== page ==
Sponsored by:

Comment, blog & share photos

Log in | Become a member
The Honolulu Advertiser

Posted on: Monday, December 24, 2001

Recovery still far off for airlines, planemakers

By Lynne Marek
Bloomberg News Service

CHICAGO — The Sept. 11 attacks cut a broad swath through the U.S. economy, and the industries hardest hit have little prospect of a full recovery next year.

Demand for air travel fell 20 percent, insurers gaped at $70 billion in losses, hotels braced for their worst results in more than three decades, and jet orders slumped as airlines mothballed 1,600 planes.

U.S. carriers may lose more than $6 billion this year, and The Boeing Co. doesn't expect orders to rise before 2004.

The tumult tossed hundreds of thousands of people out of work, including about 90,000 airline workers, and pushed the unemployment rate to a six-year high.

The attacks were "the difference between a struggling economy and one that ended up in recession," said Mark Zandi, chief economist at Economy.com in West Chester, Pa. He estimates the financial cost at $100 billion because of destroyed property and lower consumer confidence.

The National Bureau of Economic Research last month declared the United States had been in a recession since March.

But the impact on the airline and travel industries was most evident within a week of the attacks. The world's airlines had lost $25 billion, or 28 percent, of their market value. U.S. carriers' value remains down from the pre-Sept. 11 level by $3.9 billion, or 11 percent, while Europe's carriers are down just 2 percent.

When air transportation businesses get involved in a war, the economy feels the effect sharply, said Gordon Bethune, chief executive officer at Continental Airlines. "We're the canary in a mine shaft. When we're sick, you won't feel so good sometime soon."

Continental and its four larger rivals — AMR Corp.'s American Airlines, UAL Corp.'s United Airlines, Delta Air Lines Inc. and Northwest Airlines Corp. — all are expected to have losses next year. Europe's Swissair Group sought bankruptcy protection in October, and Sabena SA, the Belgian carrier that was 49.5 percent owned by Swissair, folded in November.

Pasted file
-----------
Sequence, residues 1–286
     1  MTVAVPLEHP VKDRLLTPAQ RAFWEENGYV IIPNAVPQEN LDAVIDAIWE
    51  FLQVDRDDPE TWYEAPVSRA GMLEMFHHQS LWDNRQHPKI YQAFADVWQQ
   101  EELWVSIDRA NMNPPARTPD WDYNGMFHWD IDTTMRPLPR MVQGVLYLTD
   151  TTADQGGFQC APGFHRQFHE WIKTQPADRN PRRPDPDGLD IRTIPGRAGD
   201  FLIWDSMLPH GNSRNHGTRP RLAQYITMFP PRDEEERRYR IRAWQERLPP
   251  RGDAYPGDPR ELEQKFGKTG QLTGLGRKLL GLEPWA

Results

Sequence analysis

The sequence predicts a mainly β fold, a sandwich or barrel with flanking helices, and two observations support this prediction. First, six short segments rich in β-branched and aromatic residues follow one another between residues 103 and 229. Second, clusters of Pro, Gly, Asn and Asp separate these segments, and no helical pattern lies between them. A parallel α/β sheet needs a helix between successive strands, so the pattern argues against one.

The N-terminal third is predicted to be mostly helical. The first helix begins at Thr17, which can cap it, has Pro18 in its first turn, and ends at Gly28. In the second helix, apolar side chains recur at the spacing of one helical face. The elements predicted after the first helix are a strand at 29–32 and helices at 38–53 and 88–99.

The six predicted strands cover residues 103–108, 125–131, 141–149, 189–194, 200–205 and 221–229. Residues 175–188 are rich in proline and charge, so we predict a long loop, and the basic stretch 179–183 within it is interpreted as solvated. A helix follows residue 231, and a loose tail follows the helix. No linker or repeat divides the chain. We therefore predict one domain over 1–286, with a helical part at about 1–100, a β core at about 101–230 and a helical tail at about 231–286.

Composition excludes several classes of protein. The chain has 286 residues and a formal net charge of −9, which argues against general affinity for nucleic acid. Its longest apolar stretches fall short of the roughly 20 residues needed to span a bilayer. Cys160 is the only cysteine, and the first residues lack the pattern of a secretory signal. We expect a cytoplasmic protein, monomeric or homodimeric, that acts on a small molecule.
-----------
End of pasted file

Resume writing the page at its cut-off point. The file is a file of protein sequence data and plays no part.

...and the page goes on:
Carriers cut some fares more than 50 percent to spur demand, leading to a gradual return of travelers, albeit not as many high-fare business customers. It might help Continental break even by March, Bethune said.

Most big airlines are operating with 15 percent to 20 percent less capacity after retiring older planes and grounding others, leaving little need for new jetliners.

"We're talking about two to three years before we actually get the economy, the travel back, the airplanes back in service and then the need for new airplanes," said Alan Mulally, chief executive of Boeing's commercial planes unit.

Boeing, the biggest planemaker, is cutting as many as 30,000 jobs as it reduces commercial aircraft production to 24 planes a month. Its shares have dropped 43 percent this year and it is the worst performing company in the Dow Jones Industrial Average.

Airbus SAS, the second-largest planemaker, has said it will build as few as 300 aircraft next year. The company will cut the equivalent of 9,400 jobs by reducing work hours.

Smaller planemakers, including Canada's Bombardier Inc. and Brazil's Empresa Brasileira de Aeronautica SA, also have plans to fire workers amid production cuts. The same goes for suppliers such as United Technologies Corp., the maker of Pratt & Whitney engines; General Electric Co.'s aircraft-engine unit; and Goodrich Corp., the largest U.S. maker of landing gear.

Hotels, travel agents and cruise lines also were hurt.

American Express Co. fired as many as 6,500 workers this month largely to address a decline in travel bookings. The hotel industry is headed for its worst year since 1967, said consulting firm PricewaterhouseCoopers, and demand for hotel rooms in the United States won't rise until 2003.